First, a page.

When organizing moved into churches, it also started to lose some of the rough edges that were hallmarks of the Alinsky style. For instance, Alinsky’s method called for “personalizing” the issue, making one individual the face of the enemy. Today organizers are more likely to talk in terms of building relationships, even with public officials or business leaders who might be the current adversary.
What remains from the Alinsky playbook is the basic goal of building organizations that have the power to bring low- and moderate-income people to the table where big public decisions are made.(Source: http://www.sojo.net/index.cfm?action=magazine.article&issue=soj1009&article=why-does-glenn-beck-hate-community-organizers)
[A]lliances of congregations (which sometimes include other institutions such as schools or unions) generally reflect the racial, ethnic, and religious makeup of their area. They are practical models of interracial and interreligious cooperation and, as another IAF organizer told me, they are “universities of public life.”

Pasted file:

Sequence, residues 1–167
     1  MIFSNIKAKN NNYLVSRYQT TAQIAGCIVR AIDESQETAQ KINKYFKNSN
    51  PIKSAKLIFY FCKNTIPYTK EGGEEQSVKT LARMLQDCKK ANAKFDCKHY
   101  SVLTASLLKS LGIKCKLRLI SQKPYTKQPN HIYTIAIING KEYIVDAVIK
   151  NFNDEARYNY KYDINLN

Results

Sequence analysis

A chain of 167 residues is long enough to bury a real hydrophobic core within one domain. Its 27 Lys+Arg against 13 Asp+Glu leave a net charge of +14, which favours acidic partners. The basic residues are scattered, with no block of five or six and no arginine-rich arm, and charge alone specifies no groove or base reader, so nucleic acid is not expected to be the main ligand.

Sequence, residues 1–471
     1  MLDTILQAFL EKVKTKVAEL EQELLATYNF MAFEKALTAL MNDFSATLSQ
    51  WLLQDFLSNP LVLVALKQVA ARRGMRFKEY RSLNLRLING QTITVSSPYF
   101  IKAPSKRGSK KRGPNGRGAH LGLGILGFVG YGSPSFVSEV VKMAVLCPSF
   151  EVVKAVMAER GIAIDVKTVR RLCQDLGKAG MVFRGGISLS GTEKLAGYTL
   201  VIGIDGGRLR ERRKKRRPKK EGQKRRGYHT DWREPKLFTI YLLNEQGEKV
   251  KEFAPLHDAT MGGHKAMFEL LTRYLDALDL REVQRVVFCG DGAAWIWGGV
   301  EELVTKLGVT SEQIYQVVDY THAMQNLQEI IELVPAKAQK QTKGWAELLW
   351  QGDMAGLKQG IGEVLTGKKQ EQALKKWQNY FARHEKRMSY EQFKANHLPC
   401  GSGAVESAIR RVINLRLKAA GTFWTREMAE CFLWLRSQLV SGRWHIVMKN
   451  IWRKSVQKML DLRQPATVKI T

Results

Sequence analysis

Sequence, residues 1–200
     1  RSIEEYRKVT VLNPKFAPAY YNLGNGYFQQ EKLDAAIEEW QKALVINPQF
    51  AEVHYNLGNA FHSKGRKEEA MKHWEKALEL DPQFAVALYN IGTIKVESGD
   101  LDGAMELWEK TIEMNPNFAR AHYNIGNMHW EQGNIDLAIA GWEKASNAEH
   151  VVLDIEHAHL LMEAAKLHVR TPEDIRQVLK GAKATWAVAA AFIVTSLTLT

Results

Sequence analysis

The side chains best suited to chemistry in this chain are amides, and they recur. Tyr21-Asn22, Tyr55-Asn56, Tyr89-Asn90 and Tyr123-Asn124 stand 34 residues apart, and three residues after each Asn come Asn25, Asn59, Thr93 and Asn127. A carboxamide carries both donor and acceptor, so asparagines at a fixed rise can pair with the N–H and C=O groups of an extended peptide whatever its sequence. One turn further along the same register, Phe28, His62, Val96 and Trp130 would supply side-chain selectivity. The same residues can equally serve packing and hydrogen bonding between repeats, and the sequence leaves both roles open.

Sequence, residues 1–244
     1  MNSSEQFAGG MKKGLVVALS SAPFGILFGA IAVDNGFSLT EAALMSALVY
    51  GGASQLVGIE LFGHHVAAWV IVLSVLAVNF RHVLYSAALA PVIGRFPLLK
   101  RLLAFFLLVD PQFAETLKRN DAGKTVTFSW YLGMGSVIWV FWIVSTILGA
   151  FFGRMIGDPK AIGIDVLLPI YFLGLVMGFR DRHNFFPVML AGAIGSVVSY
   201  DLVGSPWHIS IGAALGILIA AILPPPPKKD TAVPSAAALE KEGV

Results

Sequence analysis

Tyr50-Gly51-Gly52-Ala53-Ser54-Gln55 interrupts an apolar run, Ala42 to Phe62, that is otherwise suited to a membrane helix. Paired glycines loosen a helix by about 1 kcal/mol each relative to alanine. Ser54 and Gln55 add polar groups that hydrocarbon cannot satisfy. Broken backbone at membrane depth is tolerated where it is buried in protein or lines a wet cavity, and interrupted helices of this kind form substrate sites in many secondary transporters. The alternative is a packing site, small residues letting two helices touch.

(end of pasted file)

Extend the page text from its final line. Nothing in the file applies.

In 2001, a study by Interfaith Funders found that 3,500 congregations with 3 million members were involved in organizing, and 24,000 of those members were committed activists. Back then, there were 133 local congregation-based organizations. Today the four national organizing networks—PICO, DART, IAF, and Gamaliel—claim 167. This makes congregation-based organizing (or “institution-based,” as IAF prefers) one of the largest social movements on the American scene. But for the most part only people directly touched by it even know it exists. At the most, the average informed citizen might know that Barack Obama started out as an organizer for Gamaliel.
The process usually begins when a religious body—say a council of churches or a Catholic diocese—invites one of the networks to send in an organizer. Next comes a long, painstaking exploratory stage in which interested congregations are identified.Congregations, not individuals, become members of the federation and an organizing committee is established in each member congregation.